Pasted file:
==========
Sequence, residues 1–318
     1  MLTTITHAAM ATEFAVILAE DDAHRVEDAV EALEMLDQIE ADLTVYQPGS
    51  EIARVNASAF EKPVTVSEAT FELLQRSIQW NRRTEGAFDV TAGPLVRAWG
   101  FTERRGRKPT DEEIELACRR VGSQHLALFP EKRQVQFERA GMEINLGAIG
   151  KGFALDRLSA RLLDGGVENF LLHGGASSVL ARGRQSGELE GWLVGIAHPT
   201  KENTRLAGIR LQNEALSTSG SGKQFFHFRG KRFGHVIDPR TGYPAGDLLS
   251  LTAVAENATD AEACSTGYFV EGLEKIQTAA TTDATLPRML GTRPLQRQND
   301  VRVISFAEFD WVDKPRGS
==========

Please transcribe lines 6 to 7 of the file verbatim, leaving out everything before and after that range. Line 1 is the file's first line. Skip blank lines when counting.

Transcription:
   201  KENTRLAGIR LQNEALSTSG SGKQFFHFRG KRFGHVIDPR TGYPAGDLLS
   251  LTAVAENATD AEACSTGYFV EGLEKIQTAA TTDATLPRML GTRPLQRQND